Dov Michaeli, MD, PhD

Dov Michaeli, M.D., Ph.D. (now retired) was a professor and basic science researcher at the University of California San Francisco. In addition to his clinical and research responsibilities, he also taught biochemistry to first-year medical students for many years.

During this time he was also the Editor of Lange Medical Publications, a company that developed and produced medical texts that were widely used by health professionals around the world.

He loves to write about the brain and human behavior as well as translate knowledge and complicated basic science concepts into entertainment for the rest of us.

He eventually left academia to enter the world of biotech. He served as the Chief Medical Officer of biotech companies, including Aphton Corporation. He also founded and served as the CEO of Madah Medica, an early-stage biotech company that developed products to improve post-surgical pain control.

Now that he is retired, he enjoys working out for two hours every day. He also follows the stock market, travels the world, and, of course, writes for TDWI.


  • Interesting article. We have a three year old Golden Retriever that has a few things wrong with him. He is a loving dog, but is scared of his own shadow. If you open the door in the room he is in he will bark then run and hide. He is always looking around as if something is after him and that brought me to think he has Paranoia or if he suffers from Schizophrenia. He’s been to the vet many times and has been prescribed Trazadone to calm him down but it mostly makes him sleepy and we don’t like to give it to him as we want a happy dog. If he is put outside, to use the restroom, once finished he will pace the back door to come in. He is such a beautiful dog and is a very good one and we will keep him for life, but I wish there was something that could help with his Anxiety, Paranoia or what ever bothers him. Until then we’ll just love him like our other dogs and like I tell the wife he’s just our special needs little one. :)

    • Thanks for sharing this, Tim. I am so glad you love him like all of your other dogs. He seems he has special needs and you are happy to accommodate (and love) him.

      Our prior dog had been returned to the shelter twice before we adopted him, despite being a gorgeous, loving pure black lab. It took him a year with us before he wagged his tail. He hit the jackpot when he came to live with us because we work from home, take long walks every day, and loved him greatly. To his dying day he was never “normal” – he seemed more autistic to us than schizophrenic. He was madly in love with my husband (but only tolerated me). However, I think, in the end, he had a good life and we had a good dog.

      Our new dog was found on the streets of LA, pregnant. She was so nervous on the day we adopted her and drove her home that she shit in the car and then vomited twice. She tried to run away as we were cleaning the car and, when we got her home, she tried to jump the fence and escape. After a while, she decided this was where she would live.She calmed down but had incredible separation anxiety. Now, a few months later, I would say she is close to “normal” and is incredibly affectionate (you can’t pet her enough).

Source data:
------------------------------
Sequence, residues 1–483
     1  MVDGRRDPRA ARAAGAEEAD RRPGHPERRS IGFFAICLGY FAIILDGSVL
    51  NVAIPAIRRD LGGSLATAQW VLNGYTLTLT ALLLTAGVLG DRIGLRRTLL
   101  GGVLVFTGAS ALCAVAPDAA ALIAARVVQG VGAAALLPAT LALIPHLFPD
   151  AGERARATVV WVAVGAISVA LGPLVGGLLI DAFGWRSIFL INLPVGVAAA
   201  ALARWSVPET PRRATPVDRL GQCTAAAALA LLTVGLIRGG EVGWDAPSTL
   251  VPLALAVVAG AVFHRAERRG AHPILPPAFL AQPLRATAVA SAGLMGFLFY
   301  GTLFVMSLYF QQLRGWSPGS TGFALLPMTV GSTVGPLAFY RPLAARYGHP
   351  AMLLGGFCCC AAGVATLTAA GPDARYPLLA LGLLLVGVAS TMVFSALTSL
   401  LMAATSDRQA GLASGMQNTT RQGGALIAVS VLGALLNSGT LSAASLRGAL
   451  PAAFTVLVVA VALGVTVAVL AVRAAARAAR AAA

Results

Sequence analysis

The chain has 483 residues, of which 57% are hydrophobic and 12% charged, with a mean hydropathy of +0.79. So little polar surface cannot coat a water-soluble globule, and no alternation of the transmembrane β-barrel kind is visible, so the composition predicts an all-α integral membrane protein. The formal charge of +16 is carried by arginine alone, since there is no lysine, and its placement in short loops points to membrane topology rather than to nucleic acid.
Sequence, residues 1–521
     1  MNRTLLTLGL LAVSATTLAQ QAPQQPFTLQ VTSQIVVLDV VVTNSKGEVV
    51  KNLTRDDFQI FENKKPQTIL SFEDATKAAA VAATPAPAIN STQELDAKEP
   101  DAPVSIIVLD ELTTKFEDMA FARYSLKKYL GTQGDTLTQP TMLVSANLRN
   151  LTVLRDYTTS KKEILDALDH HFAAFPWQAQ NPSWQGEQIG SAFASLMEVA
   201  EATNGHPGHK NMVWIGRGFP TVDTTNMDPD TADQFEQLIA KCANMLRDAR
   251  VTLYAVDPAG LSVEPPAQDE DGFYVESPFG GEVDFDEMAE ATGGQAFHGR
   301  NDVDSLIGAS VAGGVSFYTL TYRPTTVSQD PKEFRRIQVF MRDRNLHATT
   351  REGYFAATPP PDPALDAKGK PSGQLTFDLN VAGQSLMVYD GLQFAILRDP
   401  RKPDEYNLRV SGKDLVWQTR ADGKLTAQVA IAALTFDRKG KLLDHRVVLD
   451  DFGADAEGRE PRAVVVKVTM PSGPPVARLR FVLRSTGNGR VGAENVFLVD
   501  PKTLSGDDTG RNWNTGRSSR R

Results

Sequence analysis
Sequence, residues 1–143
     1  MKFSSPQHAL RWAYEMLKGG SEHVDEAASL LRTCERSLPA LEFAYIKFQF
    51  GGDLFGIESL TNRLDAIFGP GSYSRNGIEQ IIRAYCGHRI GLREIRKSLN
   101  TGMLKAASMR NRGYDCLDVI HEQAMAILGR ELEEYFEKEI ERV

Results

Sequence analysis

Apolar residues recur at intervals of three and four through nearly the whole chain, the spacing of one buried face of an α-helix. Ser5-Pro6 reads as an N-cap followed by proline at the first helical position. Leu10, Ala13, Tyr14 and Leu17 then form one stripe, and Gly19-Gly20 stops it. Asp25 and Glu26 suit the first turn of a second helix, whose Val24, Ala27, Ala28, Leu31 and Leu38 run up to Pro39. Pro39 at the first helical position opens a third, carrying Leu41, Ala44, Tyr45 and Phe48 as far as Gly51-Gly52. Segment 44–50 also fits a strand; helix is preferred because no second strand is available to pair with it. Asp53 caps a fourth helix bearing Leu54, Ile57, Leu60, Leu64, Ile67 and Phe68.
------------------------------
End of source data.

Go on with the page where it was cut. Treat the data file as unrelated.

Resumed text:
I think we underestimate how traumatic these early experiences are for our pets. We know from the ACE (Adverse Childhood Events) studies of human children how trauma (like being abandoned) can affect the child’s entire life. I bet it will be turn out to be true of our doggie family members too.

  • phew…quite a lot to unpack here, well not really anything because it’s all made up nonsense. I’ll just make it simple please provide verifiable cases of dogs suffering from the following:

    Alcohol Use Disorder

    Alice in Wonderland Syndrome


    Anorexia nervosa

    Asperger syndrome

    Body dysmorphic disorder

    etc.. etc..

    I’ll stop here, but if you can actual provide a genuine source, and not some bored housewife’s blog claiming their dog has one of these, there’s quite a few more.

  • We have a conscious too which may explain a-lot. :-)
    I may be wrong but am I correct when I say that animals don’t feel guilt?

  • The things are very simple. Evolution is normal so it is not HAR. What is not normal was migration. Of course, migration was instigated by higher mental capacities. When the first 1000 people left Africa, it was a havoc on their immune systems. Climate changes, a lot of new unknown unpredictable environments in a very short period of time. Blood groups formed etc., but things happened quickly. Animals never went through such intercontinental migrations. Food changes, climate, and immune systems suffered. We know that cytokines are increased with schizophrenics. It is epigenetic accumulation of stresses

  • When a dog is trained he is broken. That act should heal 80-90 percent. They experience anxiety, dementia, similar to panic attacks and schizophrenia. Is it just the genetic cation similar response?